A second location of Clarkston-based Refuge Coffee Co. opens in January at the historic Atlanta Daily World building on Auburn Avenue in Sweet Auburn. The activist-driven coffee shop, which also provides job training and opportunities for Clarkston’s large refugee community, replaces Condesa Coffee at the building.
Condesa, owned by Georgia Tech graduates Daniela Staiculescu, Amin Rida, Moe Reda, and Octavian Stan, opened in Sweet Auburn five years ago after finding success with the original coffee shop on the corner of Boulevard and Freedom Parkway.
“Condesa was there for five years [and was] successful on revitalization of the neighborhood, which was their goal,” a representative says. “The owners are focusing on other things.”
Condesa’s Sweet Auburn shop closes at the end of December. There are no plans to close the Old Fourth Ward location.
As for Refuge Coffee, owners Kitti Murray and Bill Murray plan to continue their mission of offering a “safe, multi-ethnic space void of agenda” for Atlanta’s refugee community in Sweet Auburn. This includes providing jobs and job training as well as hosting clothing drives, food pop-ups, and fundraisers. Since opening five years ago in the small city of Clarkston just east of Atlanta, the Murrays have served thousands of customers from over 80 countries from their coffee truck and shop in what some call “the most diverse square mile in America.”
“We often say that we do our work with the refugees, not for them. This means we are co-creators in the truest sense,” Kitti Murray says in a press release. “We’re thrilled to be moving into Sweet Auburn, an area that has a vast history regarding social and civic justice, and the struggles so many people face in finding a sense of home within a broader community from which they may be marginalized.”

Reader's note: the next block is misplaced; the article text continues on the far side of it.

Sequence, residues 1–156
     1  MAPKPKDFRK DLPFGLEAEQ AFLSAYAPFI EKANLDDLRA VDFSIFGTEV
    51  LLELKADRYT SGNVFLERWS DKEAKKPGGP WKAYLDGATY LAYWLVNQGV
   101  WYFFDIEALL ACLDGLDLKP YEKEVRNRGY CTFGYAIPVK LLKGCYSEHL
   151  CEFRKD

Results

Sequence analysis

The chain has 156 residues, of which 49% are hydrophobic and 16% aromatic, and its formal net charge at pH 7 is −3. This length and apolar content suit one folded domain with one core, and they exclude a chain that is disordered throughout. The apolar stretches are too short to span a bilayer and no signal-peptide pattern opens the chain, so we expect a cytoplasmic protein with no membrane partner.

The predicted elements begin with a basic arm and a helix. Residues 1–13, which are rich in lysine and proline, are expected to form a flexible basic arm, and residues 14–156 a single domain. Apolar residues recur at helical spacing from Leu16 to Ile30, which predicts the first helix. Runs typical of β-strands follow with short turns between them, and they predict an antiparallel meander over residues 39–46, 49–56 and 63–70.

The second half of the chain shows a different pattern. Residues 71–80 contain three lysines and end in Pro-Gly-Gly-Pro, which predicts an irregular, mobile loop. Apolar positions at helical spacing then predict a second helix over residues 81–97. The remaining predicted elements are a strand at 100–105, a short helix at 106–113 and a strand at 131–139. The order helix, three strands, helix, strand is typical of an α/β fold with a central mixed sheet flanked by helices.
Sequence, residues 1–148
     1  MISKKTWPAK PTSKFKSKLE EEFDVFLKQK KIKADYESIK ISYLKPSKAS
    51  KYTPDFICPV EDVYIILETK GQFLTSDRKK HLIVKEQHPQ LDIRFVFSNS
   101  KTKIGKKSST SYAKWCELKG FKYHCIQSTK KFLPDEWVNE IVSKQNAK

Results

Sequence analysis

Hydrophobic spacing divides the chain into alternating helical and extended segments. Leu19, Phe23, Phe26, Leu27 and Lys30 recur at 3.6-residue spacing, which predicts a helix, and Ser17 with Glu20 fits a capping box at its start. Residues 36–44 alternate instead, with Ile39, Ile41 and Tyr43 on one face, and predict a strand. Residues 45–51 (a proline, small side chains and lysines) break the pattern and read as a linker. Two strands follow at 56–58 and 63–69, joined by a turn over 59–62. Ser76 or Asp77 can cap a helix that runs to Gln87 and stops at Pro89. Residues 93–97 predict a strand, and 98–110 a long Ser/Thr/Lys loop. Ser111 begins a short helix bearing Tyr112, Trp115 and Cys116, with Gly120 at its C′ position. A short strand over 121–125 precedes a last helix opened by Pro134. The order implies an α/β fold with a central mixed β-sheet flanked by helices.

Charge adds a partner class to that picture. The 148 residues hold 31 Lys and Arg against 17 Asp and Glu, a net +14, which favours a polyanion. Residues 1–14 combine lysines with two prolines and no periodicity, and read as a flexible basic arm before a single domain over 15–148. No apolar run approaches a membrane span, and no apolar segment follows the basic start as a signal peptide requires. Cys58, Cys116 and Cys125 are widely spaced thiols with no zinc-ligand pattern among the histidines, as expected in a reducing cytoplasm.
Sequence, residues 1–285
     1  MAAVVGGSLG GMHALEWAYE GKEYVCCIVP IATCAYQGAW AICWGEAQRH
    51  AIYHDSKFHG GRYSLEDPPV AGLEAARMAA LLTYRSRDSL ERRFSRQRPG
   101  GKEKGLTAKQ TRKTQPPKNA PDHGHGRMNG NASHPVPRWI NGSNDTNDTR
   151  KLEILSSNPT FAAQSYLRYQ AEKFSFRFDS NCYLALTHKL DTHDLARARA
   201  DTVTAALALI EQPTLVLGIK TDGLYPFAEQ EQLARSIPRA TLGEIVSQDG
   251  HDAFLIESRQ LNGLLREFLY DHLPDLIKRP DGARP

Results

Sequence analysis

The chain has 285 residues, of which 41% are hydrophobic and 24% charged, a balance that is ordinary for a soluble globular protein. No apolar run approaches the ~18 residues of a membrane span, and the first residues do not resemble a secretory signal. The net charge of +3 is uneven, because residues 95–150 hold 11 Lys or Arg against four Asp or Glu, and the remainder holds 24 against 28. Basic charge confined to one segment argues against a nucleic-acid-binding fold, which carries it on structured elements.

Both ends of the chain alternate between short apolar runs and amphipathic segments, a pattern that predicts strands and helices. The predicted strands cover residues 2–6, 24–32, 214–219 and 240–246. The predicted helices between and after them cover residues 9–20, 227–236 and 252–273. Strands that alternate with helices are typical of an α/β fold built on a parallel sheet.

On November 20, commercial real estate company Gene Kansas hosts the Murrays, District 5 council member Natalyn Archibong, and members of the Clarkston refugee community for a public open house at the Constellations co-working space in the nearby Southern schoolbook building. The party, taking place between 12:30 p.m. to 2:30 p.m., includes snacks and beverages from many Clarkston-based catering companies and opportunities to donate to Refuge Coffee’s jobs training program.
Refuge Coffee’s Clarkston shop features two food trucks parked outside a converted 1960s service station with seating inside and on the covered patio. Its second location at the historic Sweet Auburn building was once home to the city’s oldest and continually operating African-American newspaper, Atlanta Daily World, founded by Morehouse College graduate William Alexander Scott II in 1928. The paper has since moved to Peachtree Street in downtown Atlanta.
145 Auburn Avenue, Atlanta. refugecoffeeco.com.